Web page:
- The Washington Times - Wednesday, July 27, 2016

PHILADELPHIA — Hillary Clinton’s embrace of gay Americans at the Democratic National Convention failed to win over at least one transgender delegate in the crowd.

California delegate Mia “Tu Much” Satya said she had many misgivings about Mrs. Clinton, including her hawkish foreign policy, but mostly she felt the former first lady, senator and secretary of state was a fair-weather friend of the lesbian, gay, bisexual and transgender community.

“It’s entirely possible that she supports LGBT people, but it sure took a long time,” said Ms. Satya, who supported Sen. Bernard Sanders, a self-identified democratic socialist, in the primary.

Ms. Satya, who works as a comedian, model and emcee in San Francisco, said that Mrs. Clinton only supported gay issues such as same-sex marriage when it became “political suicide” to remain in opposition.

“I’m anti-war. Economic justice and world peace are LGBT issues, and she hasn’t done well on world peace,” she said.

She added that she wouldn’t vote for Republican presidential nominee Donald Trump, who has sought to make inroads with gay voters, saying that she would consider other options in November.

Mrs. Clinton was slow to favor same-sex marriage. She reversed from opposition to support just within the past couple of years, as the gay-marriage cases wound through the court system in preparation for the expected Supreme Court ruling on state laws defining marriage as the union of a man and a woman.

She also has had to seek forgiveness for supporting the anti-gay military policy of “don’t ask, don’t tell” that was instituted by her husband, President Bill Clinton, and ultimately repealed by President Obama to allow openly gay service members.

She has tried to put all that behind her campaign.

The resistance to Mrs. Clinton confounded her LGBT voters from the convention stage in Wells Fargo Center. Speaker after speaker gave a shout out to gay rights and record number of LGBT delegates filled the arena.

“Before I came out to the world on the cover of Sports Illustrated, I came out privately to the Clinton family,” said Jason Collins, who was the first openly gay NBA player. “I knew they would accept me for who I was.”

The speaker lineup includes the first transgender person to take the stage at a major party convention. LGBT activist Sarah McBride, who made national headlines coming out as transgender while student body president at American University, will address the convention Thursday.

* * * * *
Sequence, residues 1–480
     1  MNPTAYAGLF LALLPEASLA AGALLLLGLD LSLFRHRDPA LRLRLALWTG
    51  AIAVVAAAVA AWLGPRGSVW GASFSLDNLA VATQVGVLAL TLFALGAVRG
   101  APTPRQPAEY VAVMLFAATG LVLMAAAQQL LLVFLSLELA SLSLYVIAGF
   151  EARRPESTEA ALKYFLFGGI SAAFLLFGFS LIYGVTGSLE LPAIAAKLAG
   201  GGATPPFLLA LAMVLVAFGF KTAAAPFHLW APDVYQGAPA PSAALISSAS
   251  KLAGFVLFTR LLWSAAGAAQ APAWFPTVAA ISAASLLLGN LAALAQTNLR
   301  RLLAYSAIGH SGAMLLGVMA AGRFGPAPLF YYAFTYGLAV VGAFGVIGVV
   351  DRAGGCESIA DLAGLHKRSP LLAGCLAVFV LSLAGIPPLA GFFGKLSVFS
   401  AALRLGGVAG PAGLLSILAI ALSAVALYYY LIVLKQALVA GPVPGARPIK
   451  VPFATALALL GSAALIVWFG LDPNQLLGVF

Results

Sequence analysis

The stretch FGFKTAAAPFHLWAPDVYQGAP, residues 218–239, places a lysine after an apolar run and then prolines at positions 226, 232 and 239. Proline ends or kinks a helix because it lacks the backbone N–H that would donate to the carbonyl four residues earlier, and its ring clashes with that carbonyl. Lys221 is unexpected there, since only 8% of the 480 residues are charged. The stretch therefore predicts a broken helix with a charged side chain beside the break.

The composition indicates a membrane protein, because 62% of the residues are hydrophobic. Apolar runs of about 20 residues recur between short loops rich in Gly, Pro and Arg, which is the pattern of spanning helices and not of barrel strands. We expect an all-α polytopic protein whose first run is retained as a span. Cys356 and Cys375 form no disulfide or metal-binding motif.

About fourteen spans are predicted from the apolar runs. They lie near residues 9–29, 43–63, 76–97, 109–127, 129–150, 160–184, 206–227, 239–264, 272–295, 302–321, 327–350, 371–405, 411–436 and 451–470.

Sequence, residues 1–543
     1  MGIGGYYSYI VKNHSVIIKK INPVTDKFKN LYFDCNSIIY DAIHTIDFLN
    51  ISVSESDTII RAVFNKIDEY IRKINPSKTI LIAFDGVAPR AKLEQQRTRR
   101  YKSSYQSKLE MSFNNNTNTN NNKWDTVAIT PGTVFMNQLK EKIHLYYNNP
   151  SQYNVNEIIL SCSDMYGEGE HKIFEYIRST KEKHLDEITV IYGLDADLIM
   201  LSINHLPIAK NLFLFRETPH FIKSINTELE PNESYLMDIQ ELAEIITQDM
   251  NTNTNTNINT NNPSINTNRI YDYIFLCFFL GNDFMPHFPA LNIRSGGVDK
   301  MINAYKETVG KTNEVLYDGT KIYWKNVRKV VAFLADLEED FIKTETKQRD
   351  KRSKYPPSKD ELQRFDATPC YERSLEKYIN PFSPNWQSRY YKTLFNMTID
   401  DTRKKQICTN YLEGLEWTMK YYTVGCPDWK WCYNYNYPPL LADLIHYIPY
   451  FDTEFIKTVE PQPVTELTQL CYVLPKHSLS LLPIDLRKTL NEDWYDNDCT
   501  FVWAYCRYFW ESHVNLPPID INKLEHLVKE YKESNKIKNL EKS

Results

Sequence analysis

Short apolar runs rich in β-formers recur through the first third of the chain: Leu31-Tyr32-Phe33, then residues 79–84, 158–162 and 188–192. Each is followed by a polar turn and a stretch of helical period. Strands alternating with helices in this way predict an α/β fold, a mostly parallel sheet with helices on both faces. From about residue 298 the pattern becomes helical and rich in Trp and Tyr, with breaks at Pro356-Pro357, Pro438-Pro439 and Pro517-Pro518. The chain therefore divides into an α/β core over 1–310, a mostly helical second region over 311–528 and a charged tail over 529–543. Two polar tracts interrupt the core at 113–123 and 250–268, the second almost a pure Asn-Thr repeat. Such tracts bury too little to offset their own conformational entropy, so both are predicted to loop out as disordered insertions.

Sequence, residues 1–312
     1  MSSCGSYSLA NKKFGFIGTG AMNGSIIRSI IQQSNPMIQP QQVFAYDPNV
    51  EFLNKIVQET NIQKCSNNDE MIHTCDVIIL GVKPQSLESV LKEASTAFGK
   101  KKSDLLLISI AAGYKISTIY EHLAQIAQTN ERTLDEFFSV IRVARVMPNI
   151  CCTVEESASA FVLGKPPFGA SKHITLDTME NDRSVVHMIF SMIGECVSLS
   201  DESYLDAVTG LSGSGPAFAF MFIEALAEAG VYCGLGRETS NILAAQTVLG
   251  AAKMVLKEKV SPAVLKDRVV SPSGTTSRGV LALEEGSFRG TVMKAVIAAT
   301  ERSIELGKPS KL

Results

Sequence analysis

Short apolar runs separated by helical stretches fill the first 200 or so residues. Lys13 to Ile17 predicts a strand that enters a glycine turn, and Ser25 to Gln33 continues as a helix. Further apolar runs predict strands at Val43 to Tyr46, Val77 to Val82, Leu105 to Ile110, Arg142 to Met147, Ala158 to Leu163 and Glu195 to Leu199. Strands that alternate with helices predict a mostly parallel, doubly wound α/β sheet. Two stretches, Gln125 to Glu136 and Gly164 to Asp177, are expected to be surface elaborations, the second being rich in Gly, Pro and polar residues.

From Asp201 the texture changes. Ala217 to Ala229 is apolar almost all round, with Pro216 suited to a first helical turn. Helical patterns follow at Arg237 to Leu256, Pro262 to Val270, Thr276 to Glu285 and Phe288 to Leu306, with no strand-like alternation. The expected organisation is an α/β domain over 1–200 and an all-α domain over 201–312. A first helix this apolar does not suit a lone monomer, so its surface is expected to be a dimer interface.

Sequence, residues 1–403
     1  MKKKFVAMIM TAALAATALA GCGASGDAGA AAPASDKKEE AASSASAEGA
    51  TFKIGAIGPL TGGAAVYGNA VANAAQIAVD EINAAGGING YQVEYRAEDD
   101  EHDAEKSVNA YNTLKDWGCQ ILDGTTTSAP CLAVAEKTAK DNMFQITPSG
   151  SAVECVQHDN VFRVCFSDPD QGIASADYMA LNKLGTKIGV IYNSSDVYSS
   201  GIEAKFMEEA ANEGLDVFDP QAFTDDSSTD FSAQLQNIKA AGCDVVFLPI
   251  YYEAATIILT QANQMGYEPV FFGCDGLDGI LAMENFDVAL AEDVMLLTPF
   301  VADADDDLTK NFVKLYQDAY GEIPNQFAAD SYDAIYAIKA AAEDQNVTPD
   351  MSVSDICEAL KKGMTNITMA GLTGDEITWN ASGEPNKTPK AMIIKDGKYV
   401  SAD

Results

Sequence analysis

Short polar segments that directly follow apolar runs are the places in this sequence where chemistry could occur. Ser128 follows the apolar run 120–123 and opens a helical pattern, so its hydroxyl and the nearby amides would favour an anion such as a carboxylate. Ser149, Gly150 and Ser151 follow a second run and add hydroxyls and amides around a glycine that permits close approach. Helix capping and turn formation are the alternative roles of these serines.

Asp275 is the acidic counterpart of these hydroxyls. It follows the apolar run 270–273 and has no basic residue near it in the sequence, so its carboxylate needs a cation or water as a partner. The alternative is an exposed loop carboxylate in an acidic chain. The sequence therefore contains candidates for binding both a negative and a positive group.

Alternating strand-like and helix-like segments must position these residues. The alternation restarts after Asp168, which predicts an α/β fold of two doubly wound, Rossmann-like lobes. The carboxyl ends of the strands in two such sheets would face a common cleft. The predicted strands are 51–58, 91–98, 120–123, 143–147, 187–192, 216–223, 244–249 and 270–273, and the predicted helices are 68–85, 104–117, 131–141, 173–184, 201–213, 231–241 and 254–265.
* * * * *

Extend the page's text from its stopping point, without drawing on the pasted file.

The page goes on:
Mrs. Clinton also named Marisa Richmond, a Democratic activist from Nashville, Tennessee, as the convention’s official timekeeper, making her the first transgender person to be a podium official for a major party.

The moves countered Mr. Trump’s pledged to make gay rights part of his national security agenda after a Islamic State-inspired gunman attacked a gay nightclub in Orlando, Florida, killing 49 people in the worst terror attack in the U.S. since 9/11.

He repeated his pledge to be the defender of the gay community in his acceptance speech last week at the Republican National Convention in Cleveland.

“As your president, I will do everything in my power to protect our LGBTQ citizens from the violence and oppression of a hateful foreign ideology. Believe me,” Mr. Trump said to a burst of applause.

He then went off script and said: “I have to say, as a Republican, it is so nice to hear you cheering for what I just said.”

The remark won him kudos but many LGBT activists remained skeptical of the Republican nominee.

Mrs. Clinton also has allied herself with opponents of the North Carolina law requiring people to use public restrooms based on their biological sex, which caused a firestorm of protests that included major businesses, entertainers and sports events boycotting the state.

During the primary race, Mr. Trump voiced opposition to the bathroom law. He said it was bad for business but then, under pressure from conservatives, took the position that it was an issue that states should decide.

Convention delegate Chris Sgro, the only openly gay member of the North Carolina Legislature and a prominent opponent of the bathroom law, said his community was “very solidly” for Mrs. Clinton.

“Absolutely we are standing with Hillary Clinton like our rights depended on it — because they do,” said Mr. Sgro, adding that he completely disagreed with critics who say her support for gay rights is a political calculation.

“I don’t think it is pandering at all. She has fought for civil rights and empowerment for a long time,” he said, adding that supporting Mr. Trump was out of the question.

“He is dangerous, homophobic and misogynistic and would be dangerous for our community,” he said.

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